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The Maddening Itch: An Approach to Chronic Urticaria


LP Viegas,1 MB Ferreira,1 AP Kaplan,2

1Department of Immunoallergology, Hospital Santa Maria – CHLN, Lisbon, Portugal
2Department of Medicine, Division of Pulmonary and Critical Care Medicine, Allergy and Clinical Immunology, Medical University of South Carolina, Charleston, South Carolina, USA

J Investig Allergol Clin Immunol 2014; Vol. 24(1): 1-5



Chronic spontaneous urticaria (CSU) is defined as the presence of urticaria with daily or almost daily symptoms for 6 weeks or more. CSU affects 0.1%-0.8% of the population. Its pathogenesis involves autoimmunity, abnormalities in signal transduction, and the action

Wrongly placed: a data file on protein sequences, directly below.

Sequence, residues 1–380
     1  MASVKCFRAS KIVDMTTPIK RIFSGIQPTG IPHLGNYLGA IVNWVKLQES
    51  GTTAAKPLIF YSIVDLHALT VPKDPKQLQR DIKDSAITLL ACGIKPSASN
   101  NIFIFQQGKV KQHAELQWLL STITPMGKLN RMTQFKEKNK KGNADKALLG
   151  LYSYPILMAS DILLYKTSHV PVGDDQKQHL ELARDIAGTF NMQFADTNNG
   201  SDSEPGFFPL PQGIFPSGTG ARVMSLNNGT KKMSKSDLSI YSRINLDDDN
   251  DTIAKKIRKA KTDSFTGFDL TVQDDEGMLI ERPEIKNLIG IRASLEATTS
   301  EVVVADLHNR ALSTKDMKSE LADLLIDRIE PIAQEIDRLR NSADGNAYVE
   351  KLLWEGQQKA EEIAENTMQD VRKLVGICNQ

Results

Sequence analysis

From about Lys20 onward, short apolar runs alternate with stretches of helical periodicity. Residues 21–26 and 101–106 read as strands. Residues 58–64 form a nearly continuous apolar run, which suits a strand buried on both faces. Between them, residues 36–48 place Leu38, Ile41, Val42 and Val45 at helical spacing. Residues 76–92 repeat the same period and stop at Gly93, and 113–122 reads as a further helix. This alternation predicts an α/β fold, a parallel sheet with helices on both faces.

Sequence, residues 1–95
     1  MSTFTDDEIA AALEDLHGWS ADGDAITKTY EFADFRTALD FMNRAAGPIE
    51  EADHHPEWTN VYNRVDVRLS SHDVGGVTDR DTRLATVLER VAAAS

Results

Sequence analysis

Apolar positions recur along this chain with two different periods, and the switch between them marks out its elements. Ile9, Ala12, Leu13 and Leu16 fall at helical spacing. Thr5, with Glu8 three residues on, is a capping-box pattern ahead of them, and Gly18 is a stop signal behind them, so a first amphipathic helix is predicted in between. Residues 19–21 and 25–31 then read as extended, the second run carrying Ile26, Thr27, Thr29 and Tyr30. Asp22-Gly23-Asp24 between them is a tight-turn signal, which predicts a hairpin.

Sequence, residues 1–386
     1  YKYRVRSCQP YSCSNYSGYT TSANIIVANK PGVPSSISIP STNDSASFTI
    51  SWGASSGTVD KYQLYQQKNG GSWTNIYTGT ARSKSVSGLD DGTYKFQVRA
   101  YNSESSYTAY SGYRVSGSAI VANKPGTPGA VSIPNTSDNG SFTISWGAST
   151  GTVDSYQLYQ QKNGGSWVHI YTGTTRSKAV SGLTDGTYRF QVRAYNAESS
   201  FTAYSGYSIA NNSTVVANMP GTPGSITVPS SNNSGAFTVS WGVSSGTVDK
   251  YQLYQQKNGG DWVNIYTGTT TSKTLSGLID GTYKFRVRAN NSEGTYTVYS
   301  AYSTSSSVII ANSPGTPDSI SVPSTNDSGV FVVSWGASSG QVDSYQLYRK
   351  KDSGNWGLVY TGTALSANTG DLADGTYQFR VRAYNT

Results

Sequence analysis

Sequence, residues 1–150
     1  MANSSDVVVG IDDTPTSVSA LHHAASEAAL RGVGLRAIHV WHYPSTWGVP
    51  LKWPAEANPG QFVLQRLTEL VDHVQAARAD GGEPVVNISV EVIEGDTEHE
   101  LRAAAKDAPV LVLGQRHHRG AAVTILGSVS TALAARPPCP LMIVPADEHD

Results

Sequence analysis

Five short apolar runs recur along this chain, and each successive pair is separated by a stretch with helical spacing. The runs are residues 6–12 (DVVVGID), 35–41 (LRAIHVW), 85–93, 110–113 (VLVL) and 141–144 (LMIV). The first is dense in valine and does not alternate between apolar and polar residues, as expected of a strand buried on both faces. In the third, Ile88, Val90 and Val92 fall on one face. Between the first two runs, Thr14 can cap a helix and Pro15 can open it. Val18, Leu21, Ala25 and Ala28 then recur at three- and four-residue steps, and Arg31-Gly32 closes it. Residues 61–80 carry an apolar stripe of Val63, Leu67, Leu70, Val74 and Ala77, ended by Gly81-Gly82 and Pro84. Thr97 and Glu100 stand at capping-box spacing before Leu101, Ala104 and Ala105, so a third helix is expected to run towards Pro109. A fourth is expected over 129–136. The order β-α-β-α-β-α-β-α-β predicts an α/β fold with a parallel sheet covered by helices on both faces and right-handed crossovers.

of histamine on H1 receptors.
Investigation of CSU should be guided by a thorough history and physical examination. A concise laboratory evaluation, including the CU index, is recommended. This index can provide useful data on severity and response to therapy.
Initial treatment should involve increasing doses of nonsedating antihistamines until the intended effect is achieved. Only when a patient is unresponsive to high-dose nonsedating antihistamines (or sedating antihistamines) can we consider CSU refractory and consider immunomodulatory therapy. The most promising drugs are cyclosporine and, more recently, omalizumab.

Key words: Spontaneous chronic urticaria. CU index. FcεRI. Omalizumab.